Home servers are a great way to experiment with game servers or can be used as a permanent option if you have the bandwidth. There are extra steps required on your home router to allow external access to your game server. This will normally involve opening ports on the router firewall and/or port forwarding. See this link for basic instuctions. See your router's manual for specific instructions.
If your server has multiple interfaces you will be prompted to specify the server IP you want to use.
You will need to set the IP address of the servers LAN interface (e.g 192.168.1.2), not your routers external IP. Setting this incorrectly will prevent the game server ports from binding and your server will not start.
Each type of server has a default set of ports. This is fine to use if only one server is being set up. However, if multiple servers are being used a port scheme needs to be considered. There is no requirement to stick to specific ports but it is recommended they are in a logical order.
Source Default Ports
You can allocate ports incrementally, one after the other. With each server following on from the last.
This scheme is the simplest option to avoid confusion when managing ports. Plus this is the most efficient scheme reducing unused ports.
This method increments each type of port keeping the scheme closer to the default. It is not as efficient but keeps ports more "standard".
Then increment those port by 1 for every new server. 25 servers are using 75 ports. After making 25 servers, if you need more it is a good idea is to ad +100 to this 27000 range.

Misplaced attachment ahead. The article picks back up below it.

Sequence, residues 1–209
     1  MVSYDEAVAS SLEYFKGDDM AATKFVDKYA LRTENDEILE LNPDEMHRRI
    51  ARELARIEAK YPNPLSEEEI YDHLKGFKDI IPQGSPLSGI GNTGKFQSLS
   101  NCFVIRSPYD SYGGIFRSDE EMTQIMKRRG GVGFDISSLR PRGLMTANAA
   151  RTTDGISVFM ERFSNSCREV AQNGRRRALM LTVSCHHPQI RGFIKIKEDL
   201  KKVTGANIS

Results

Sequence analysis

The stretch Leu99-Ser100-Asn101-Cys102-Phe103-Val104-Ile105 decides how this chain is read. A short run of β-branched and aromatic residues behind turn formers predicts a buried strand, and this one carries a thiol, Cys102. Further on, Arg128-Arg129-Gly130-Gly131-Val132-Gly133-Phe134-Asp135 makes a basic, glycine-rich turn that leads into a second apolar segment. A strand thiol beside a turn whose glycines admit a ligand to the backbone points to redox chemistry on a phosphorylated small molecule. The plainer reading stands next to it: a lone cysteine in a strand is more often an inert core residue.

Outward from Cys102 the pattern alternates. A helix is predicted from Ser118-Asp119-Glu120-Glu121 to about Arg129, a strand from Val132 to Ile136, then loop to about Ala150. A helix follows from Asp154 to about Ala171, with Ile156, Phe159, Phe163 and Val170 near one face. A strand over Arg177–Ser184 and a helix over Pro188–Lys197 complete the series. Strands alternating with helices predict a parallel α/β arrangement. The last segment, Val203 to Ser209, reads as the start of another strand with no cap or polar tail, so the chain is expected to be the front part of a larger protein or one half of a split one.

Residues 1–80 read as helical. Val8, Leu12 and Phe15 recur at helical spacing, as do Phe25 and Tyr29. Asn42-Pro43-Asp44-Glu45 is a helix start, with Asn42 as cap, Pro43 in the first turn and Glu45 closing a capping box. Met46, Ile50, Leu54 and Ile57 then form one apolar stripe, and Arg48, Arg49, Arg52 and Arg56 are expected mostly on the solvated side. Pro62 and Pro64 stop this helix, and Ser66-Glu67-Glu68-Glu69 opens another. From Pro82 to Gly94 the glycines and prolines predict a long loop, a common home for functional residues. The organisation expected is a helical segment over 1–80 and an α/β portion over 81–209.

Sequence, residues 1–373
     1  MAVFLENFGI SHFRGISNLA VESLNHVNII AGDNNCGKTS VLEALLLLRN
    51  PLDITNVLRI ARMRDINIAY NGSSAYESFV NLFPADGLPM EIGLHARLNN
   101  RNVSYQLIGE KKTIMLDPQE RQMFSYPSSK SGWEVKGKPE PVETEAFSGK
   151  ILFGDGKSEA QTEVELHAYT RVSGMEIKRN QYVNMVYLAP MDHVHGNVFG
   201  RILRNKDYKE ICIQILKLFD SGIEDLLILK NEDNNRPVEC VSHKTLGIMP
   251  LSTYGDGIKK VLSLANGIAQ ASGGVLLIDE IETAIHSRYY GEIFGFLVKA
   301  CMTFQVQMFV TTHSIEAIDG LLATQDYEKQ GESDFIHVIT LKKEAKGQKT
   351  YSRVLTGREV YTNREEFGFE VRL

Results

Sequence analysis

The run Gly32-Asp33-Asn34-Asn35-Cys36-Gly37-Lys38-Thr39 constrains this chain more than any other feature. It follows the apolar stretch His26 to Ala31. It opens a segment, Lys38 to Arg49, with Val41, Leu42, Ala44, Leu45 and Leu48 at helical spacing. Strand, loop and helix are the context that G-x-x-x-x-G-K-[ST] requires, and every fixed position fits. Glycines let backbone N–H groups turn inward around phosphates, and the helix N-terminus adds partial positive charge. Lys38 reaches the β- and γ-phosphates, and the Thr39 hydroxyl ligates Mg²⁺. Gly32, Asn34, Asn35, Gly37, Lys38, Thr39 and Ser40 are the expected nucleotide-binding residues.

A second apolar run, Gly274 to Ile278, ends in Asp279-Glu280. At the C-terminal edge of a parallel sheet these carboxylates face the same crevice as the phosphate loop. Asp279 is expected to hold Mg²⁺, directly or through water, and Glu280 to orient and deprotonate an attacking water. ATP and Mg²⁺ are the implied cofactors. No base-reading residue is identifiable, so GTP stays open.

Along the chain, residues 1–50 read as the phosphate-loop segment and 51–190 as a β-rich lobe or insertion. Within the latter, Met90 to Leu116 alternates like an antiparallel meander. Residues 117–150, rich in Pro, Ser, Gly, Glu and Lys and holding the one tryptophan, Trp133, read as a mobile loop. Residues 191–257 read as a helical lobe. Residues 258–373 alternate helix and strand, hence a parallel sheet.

You can get new IP addresses for your dedicated server, and assign each server a new IP. This scheme is quite inefficient.
If you are running several game servers it is a good idea to create a spreadsheet of the ports you have used. Allowing you to keep track of what you have already used.
1) Ensure the game server ports are bound and listening Before anything else, you need to know if your server is actually listening. Input :
./gameserver details and look for this kind of diagnose command:
Useful port diagnostic command:netstat -atunp | grep srcds_linux
Running the command will bring up any ports that are listening. If not, the server has not started or not correcting binding to its allocated ports. Check that ports are not already in use by something else. Check that you are trying to listen to an actual interface IP, check that ports are not already in use by another application, check that the server does not crash upon start by checking console logs or try starting the server with
2) Check the Firewall Firewalls are a regular source of connectivity issues. When diagnosing connection issues temporarily disabling a firewall will help identify if it is the source of the problem.
3) Check Port Forwarding (local networks only)
Ensure that the router correctly redirects incoming traffic to the correct ports and local IP displayed with
./gameserver details with the correct protocol (TCP and/or UDP).